Von Stein thought that the science of public administration should strive to adopt a scientific method.
In the United StatesWoodrow Wilson was the first to consider the science of public administration important. Wilson was more influential to the science of public administration than Von Stein, primarily due to an article Wilson wrote in 1887 in which he argued in favor of four concepts:
Separation between politics and the public administration.
Consideration of the government from a commercial perspective.
Comparative analysis between political and private organizations and political schemes.
Reaching effective management by training civil servants and assess their quality.
The separation between politics and the public administration, which Wilson argued, has been the subject of fierce debates for a long time, and the different points of view on this subject differentiate periods in the science of public administration.
The second generation
The discussion about the separation between politics and the public administration as argued by Wilson continued to play an important role up to 1945.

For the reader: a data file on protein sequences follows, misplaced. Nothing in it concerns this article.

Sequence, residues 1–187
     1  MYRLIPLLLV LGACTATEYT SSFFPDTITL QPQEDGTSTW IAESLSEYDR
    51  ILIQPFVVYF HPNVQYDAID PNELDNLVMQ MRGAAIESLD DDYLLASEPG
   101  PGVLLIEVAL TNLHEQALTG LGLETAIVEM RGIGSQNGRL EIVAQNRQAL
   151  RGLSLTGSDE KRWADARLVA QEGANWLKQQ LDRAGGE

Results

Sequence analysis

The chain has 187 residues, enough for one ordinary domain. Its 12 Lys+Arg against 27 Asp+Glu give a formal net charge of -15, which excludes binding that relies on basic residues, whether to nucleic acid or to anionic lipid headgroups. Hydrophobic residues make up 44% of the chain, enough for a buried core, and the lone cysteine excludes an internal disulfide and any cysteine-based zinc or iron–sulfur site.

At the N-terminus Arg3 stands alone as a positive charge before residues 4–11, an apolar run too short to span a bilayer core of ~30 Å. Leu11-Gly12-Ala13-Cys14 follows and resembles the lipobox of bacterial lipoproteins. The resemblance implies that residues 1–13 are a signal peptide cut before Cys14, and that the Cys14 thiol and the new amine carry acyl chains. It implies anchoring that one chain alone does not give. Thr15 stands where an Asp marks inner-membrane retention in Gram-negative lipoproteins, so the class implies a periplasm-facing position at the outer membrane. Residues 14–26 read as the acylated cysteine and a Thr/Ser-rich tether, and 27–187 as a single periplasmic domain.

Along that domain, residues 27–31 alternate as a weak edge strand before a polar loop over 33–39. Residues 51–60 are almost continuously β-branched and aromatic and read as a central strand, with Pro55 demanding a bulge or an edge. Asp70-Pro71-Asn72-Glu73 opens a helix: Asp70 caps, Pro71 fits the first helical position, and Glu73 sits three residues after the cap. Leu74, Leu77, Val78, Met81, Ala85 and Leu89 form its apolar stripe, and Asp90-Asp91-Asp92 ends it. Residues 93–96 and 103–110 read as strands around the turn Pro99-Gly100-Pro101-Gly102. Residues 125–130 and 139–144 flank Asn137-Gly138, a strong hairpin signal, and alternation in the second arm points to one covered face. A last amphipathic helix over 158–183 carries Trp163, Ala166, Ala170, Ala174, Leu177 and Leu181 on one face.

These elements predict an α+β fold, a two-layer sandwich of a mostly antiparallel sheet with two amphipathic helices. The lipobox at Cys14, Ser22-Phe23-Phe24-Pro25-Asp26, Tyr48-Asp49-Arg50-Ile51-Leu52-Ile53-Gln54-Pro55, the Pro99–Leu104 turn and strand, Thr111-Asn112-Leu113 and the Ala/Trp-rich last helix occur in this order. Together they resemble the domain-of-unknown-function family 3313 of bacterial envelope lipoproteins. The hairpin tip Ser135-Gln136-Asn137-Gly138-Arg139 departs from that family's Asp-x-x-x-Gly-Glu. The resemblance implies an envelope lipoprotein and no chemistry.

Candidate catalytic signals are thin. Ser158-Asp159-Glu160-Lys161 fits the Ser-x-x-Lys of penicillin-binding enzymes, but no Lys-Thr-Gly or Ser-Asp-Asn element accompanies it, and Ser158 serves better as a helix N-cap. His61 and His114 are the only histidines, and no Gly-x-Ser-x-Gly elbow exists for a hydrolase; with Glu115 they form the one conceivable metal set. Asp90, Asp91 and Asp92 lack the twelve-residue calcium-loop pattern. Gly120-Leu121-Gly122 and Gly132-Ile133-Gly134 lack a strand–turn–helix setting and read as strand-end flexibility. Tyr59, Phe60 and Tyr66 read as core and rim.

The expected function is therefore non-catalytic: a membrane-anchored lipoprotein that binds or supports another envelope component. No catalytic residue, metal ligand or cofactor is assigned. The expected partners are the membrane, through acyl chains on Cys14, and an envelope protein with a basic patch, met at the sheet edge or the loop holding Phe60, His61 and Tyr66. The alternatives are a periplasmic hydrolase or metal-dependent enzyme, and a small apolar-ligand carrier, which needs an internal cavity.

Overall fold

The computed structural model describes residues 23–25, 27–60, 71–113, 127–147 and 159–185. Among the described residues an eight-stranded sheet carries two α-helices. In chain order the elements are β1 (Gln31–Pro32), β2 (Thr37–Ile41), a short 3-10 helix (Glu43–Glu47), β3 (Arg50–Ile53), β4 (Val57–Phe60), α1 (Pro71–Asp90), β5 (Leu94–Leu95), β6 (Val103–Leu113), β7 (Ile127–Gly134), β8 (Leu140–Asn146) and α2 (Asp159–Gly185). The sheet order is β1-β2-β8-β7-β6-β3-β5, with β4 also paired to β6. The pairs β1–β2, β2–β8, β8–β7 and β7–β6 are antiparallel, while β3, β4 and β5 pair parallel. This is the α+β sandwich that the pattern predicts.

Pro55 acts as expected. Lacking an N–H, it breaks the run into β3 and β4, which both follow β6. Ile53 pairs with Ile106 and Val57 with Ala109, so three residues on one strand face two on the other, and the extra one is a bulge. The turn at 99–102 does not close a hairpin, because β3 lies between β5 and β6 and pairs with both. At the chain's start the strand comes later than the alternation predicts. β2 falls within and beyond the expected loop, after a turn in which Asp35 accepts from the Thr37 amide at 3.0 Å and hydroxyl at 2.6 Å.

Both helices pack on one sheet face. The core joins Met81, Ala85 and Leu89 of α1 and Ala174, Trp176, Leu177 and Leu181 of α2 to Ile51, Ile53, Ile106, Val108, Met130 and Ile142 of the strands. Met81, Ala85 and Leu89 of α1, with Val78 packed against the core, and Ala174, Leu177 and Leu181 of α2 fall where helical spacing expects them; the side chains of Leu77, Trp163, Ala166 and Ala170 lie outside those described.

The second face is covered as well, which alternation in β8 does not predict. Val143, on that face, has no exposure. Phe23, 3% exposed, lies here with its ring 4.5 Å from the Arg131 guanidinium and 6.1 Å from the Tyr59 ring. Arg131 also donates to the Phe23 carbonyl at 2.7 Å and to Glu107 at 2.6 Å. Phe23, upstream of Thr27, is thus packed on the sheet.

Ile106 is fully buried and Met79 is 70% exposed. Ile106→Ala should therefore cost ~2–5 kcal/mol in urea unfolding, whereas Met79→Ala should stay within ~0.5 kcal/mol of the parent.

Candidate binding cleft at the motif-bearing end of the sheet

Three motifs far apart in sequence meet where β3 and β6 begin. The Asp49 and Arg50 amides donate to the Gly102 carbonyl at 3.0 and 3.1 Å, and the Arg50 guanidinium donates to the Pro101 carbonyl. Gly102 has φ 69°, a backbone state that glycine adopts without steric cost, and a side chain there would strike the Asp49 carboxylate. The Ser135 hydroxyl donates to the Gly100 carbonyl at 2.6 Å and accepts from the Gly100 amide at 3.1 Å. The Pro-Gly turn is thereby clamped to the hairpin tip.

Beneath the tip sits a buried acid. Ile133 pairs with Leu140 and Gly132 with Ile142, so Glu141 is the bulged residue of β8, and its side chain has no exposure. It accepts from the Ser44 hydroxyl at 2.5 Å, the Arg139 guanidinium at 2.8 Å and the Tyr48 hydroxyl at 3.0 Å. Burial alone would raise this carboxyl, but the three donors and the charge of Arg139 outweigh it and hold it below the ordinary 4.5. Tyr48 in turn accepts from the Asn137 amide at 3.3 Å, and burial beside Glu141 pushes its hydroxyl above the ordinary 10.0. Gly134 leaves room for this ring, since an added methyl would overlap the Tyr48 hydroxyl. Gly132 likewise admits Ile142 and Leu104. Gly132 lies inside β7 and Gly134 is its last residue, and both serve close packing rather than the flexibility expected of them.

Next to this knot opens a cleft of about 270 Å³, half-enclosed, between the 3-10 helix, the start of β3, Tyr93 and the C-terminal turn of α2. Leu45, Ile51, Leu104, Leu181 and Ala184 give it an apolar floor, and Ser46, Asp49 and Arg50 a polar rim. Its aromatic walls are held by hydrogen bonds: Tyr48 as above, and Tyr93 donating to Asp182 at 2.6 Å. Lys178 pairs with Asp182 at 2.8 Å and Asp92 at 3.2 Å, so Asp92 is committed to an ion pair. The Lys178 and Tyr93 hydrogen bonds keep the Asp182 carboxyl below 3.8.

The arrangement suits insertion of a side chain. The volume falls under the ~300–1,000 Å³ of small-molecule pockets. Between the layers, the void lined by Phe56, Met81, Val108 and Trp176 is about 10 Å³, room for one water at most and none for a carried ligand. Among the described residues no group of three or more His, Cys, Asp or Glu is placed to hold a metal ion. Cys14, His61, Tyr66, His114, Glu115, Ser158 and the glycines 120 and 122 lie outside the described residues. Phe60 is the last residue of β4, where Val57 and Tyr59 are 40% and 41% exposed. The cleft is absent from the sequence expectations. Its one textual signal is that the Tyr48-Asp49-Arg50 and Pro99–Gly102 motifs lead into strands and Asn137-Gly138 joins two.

Luther Gulick and Lyndall Urwick were the founders of the Science of Administration. They integrated the ideas of earlier theorists like Henri Fayol into a comprehensive theory of administration. Gulick and Urwick believed that the thoughts of Fayol offered a systematic treatment of management, which was unique at that time. They believed that this could be applied as well for the management of companies as for administrative sciences. They did not want to separate the two disciplines, but believed a single Science of Administration, which exceeds the borders between the private and the public sector, could exist. Later on the Science of Administration would focus primarily on governmental organizations. The reasoning of the Science of Administration was largely borrowed from the fourteen principles of organization of Fayol.
The third generation
After 1945 the third generation arose which questioned the ideas of Wilson and the second generation.